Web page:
Eventually, we understood we went too far and had to turn back. If only we checked the maps.me earlier! This ever-useful app actually showed the entire hiking route. It was very frustrating to realise that we wasted almost an hour to go through that muddy hell, back and forth, in the pouring rain. As it turned out, instead of following the main road, we were supposed to sharply climb up as soon as we saw a tiny path leading up towards the pine forest.
THE WAY UP
Once on the right path, we still had some pretty horrible mud stretches to conquer before we finally reached the edge of the forest. The trees brought us salvation. Forest sheltered us from the rain and assured that the paths were much dryer. Soon enough the rain stopped anyway. We walked steadily but not very steeply up through the pine forest, encountering grazing horses and cows on the way.
We kept on walking up until we hit the tarmac road. Just a couple of meters further we saw a ticket booth, which was unmanned (as other blog writers also reported). From that moment, we started encountering people on the trail. Presumably they took the tarmac road, unaware of the existence of the hiking path.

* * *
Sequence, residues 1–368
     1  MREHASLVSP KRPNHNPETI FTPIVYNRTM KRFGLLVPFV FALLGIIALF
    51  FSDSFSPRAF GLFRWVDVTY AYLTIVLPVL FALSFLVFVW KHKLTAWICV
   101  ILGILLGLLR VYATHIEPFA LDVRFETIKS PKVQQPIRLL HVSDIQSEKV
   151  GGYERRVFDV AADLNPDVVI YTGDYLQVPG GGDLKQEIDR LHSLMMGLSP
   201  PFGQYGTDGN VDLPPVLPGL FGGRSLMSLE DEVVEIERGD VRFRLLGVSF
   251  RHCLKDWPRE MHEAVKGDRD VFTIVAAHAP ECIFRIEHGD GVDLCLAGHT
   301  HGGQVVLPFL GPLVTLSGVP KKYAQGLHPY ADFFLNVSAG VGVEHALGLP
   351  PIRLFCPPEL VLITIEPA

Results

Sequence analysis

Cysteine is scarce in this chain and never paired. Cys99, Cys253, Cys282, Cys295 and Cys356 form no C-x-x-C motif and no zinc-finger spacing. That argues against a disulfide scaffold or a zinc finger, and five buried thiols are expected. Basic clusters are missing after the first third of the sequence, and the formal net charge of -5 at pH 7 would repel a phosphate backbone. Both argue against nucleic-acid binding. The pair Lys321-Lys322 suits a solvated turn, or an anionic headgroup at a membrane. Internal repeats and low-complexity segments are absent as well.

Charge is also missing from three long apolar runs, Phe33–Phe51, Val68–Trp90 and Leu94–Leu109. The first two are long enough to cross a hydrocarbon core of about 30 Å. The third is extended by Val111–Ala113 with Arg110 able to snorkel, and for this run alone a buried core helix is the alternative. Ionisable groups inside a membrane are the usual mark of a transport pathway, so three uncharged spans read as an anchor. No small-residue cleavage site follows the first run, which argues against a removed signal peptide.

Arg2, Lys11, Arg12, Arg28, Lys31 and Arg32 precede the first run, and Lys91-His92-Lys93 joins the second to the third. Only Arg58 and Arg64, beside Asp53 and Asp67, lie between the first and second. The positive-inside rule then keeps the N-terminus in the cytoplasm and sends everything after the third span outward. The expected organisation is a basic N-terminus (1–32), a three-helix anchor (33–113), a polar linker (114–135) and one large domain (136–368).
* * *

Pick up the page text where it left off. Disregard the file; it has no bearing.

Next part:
After the ticket booth, the route became much more pleasant. We walked through an almost flat terrain for some time, stopping shortly at a small clearing with a view down below.
This pleasant stroll didn’t last very long. It was still quite a distance to the peak when the climb became virtually vertical with massive (calf length) steps cut in the soil. It was a strenuous hike so we were surprised to see a few groups of Vietnamese tourists coming down, wearing just flip-flops.
CONQUERING THE PEAK AND A PLEASANT DESCENT
Eventually, we reached the top which was completely shrouded with the milky fog. We couldn’t see a thing, apart from the board with the name of the peak. We were alone and we had a feeling we shouldn’t linger for too long if we didn’t want to miss the last bus at 5pm.